Printed newsletters are a classic. They are nostalgic and give residents something tangible to hold onto. But, they can also be incredibly wasteful. In fact, in the past 40 years alone, the consumption of paper has increased by 400% worldwide. Even if you use recycled paper, it still costs 12,000 gallons of water per ton to create, which is about half the water requirement for virgin paper.
In contrast, e-newsletters don’t use paper at all. Because they are distributed electronically, you can save money on printing costs. They’re easy to disseminate, only requiring homeowners’ email addresses. Sometimes, you can even just post it on your association’s website or social media page.
That said, you should also consider your association’s population. If your age demographic skews older, then you might be better off using printed newsletters. Senior citizens, in particular, tend to prefer printed newsletters because they are not as tech-savvy.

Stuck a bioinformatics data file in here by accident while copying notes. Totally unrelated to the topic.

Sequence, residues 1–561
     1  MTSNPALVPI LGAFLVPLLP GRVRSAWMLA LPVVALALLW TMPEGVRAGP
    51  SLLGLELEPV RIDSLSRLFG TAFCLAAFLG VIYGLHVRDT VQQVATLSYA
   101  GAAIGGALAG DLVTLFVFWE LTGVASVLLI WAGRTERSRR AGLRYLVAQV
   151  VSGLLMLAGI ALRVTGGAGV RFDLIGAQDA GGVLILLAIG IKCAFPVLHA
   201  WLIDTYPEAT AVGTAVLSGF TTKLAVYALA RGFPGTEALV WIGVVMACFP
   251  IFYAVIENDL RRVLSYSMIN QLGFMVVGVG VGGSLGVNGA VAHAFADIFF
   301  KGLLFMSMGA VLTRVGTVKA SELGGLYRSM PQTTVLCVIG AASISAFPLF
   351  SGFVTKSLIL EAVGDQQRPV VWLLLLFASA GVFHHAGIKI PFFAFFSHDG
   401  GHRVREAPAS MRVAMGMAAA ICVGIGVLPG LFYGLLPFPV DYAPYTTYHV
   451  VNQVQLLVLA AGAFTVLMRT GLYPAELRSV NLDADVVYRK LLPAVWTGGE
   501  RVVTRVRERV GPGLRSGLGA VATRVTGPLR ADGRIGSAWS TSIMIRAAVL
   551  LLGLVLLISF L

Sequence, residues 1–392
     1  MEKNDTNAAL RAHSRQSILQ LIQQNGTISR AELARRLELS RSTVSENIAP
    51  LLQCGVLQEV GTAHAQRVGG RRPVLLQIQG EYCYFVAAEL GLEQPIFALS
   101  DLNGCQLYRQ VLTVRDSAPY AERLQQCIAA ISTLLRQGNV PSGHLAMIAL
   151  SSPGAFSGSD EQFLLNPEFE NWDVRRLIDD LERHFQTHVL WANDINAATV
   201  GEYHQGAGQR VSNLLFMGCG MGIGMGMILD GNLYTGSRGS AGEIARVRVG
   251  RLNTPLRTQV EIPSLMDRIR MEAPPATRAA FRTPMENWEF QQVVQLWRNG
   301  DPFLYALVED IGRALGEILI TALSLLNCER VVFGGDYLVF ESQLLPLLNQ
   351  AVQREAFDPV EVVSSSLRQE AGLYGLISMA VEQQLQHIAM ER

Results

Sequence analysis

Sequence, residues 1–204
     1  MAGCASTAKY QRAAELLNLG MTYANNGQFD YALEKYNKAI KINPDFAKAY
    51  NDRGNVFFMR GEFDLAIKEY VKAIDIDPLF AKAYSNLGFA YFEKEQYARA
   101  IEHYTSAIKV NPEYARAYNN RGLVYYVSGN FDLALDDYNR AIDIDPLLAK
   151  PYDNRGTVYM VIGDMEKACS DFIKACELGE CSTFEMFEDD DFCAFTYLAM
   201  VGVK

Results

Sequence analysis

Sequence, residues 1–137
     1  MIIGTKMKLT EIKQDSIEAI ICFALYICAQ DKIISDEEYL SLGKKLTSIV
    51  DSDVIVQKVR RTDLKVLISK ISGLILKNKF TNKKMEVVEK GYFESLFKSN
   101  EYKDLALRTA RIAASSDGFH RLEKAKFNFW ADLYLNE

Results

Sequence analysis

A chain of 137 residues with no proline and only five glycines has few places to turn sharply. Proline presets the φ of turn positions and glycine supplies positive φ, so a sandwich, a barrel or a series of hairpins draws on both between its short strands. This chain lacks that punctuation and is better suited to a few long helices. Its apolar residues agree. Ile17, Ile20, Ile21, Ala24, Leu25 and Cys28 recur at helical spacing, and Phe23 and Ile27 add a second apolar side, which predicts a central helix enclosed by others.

Understanding the Basics: What to Include in Your HOA Newsletter
When crafting your own newsletter, it is essential to keep it short. Residents don’t want to read tens of pages of community news or information. Get rid of all the unnecessary information and go straight to the point. Keeping it at a maximum of three pages is a good idea.
If you have never created an HOA newsletter before, here are the things you should include:
- The date, issue number, and volume number of the newsletter
- A summary of the newsletter
- A note from the board or HOA president
- An FAQs section that tackles the most common concerns of residents
- Events taking place inside and outside the association
- News about residents
- Contact information of the board, HOA manager, or newsletter committee